Marisa Coulter is just another aspect of the entity recognised as "Satan"; whereas Asriel represents that Knight Templar side that fights against God, Marisa Coulter is the seductive and manipulative side. Whereas Asriel is relatively sympathetic, Marisa is hard to sympathise with until the very last book, which shows what sides of Satan's are genrally viewed as sympathetic and not-so-much in literature.
Word of God has it that Jesus did exist in Lyra's world, but for some reason his influence wasn't as strongly felt in the Magisterium as it was in ours, which is why they turned out different. A prospective future book might deal with this.
Yeah, it's called The Good Man Jesus and the Scoundrel Christ. It isn't an HDM book, but probably as close as he will get in-universe.
Well, considering there is apparently no Heaven at all, for anyone, Jesus is bound to be a cheap move on Authority's part to force more people into obedience (at least in-book).
I just figured that it was our world with demons and without the scizm or the reformation which also explains why there is only one flavor of Christianity.
If Mary had been a Methodist instead of a nun, she could have served the Church and had a sex life, just like the pastors at my Church.
Yes but she wasn't a Methodist...in fact she was probably brought up to believe specifically in Catholicism and perhaps dropping it in her head would have meant dropping all of Christianity.
The Magisterium isn't the Catholic Church of our time line. It diverged (at the very latest) when John Calvin was elected Pope. They're Calvinist Catholics.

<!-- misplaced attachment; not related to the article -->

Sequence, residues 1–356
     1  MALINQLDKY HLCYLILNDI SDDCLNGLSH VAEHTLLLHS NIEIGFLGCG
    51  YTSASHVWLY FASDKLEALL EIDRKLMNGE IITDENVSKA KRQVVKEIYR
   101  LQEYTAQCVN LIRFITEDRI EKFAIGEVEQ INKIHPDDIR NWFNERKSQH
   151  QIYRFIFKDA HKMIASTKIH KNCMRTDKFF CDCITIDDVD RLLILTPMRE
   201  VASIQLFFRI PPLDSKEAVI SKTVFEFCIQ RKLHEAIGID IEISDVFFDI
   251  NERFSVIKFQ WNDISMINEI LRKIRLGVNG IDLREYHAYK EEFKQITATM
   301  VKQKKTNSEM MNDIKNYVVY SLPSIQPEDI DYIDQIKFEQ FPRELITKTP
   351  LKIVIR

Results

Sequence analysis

Well, it Headscratchers that Pullman never figures out if he's writing alternate history, fantasy, or parallel worlds a la the Myst games.
How is it in any way unclear that HDM takes place across several alternate universes? The point is discussed as early as the second chapter of the first book, and frequently thereafter. Lyra's world has had a very similar history to ours, but some major turning points in its history went different ([[Noodle Incident somehow John Calvin became Pope; we can assume Britain never became Protestant under Henry VIII etc). It's an alternate world so it has an alternate history. And HDM is a fantasy series, so concepts like Dust and the witches' magic exist across the universes. There's never any confusion about the context for the alternate earths.
Also WHY is it such a great sin to fantazise about China and ejoy the taste of mazipin? Does she live in a world where the ten commandments read "Thou shall not even think about going to China, also marzipan is the devils food" it's been a while since I read the books so my memory maybe wrong, if so someone explain.
That doesn't answer the fact that Mary is supposed to be from our world.
Mary uses China purely as part of an analogy to explain how, initially, she chose to think about and accept a life without romantic love when she became a nun: i.e, while China is a wonderful place, it's not such a big deal never to go there. The memory of marzipan reminded her that as an adolescent she had already experienced romantic love, and jogged her mind to decide that she did want that again, thus "I DO want to go to China." While if she hadn't become a nun she could have had both religion and sex/romance, she was a nun, and had made a vow to God to give up these things. Asking herself "Is there actually a God holding me to that vow, who will be angry/betrayed if I break it?" led her to think, "...No, the sacrifice harms me and benefits no one, because there is no one there," and hence her loss of faith.
Although, according to Catholic theology, even if she did quit being a nun and never went back, she could just pray for forgiveness.
I pretty sure that it's an analogue for the fruit of the tree of which God "commanded thou shouldst not eat."note Sorry if that's pretentious, but damnit I don't get to use 'shouldst' enough. It's a food offered by a member of the opposite sex that brings forbidden knowledge after it's partaken of.